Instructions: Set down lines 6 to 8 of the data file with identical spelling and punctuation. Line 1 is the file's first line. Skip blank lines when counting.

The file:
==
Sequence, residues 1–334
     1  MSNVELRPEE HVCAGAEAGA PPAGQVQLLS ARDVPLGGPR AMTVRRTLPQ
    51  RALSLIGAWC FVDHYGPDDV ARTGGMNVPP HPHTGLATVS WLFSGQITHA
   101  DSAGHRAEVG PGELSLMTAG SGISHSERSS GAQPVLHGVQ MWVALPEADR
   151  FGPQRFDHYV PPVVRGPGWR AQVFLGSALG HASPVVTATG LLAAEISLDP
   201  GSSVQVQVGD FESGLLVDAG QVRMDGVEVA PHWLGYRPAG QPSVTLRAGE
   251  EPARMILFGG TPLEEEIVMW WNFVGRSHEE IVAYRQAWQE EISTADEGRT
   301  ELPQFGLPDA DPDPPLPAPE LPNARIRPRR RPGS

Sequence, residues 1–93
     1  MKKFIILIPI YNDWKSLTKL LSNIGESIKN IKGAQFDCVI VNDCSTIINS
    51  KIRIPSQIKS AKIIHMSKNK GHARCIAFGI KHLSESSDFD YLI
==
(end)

   201  GSSVQVQVGD FESGLLVDAG QVRMDGVEVA PHWLGYRPAG QPSVTLRAGE
   251  EPARMILFGG TPLEEEIVMW WNFVGRSHEE IVAYRQAWQE EISTADEGRT
   301  ELPQFGLPDA DPDPPLPAPE LPNARIRPRR RPGS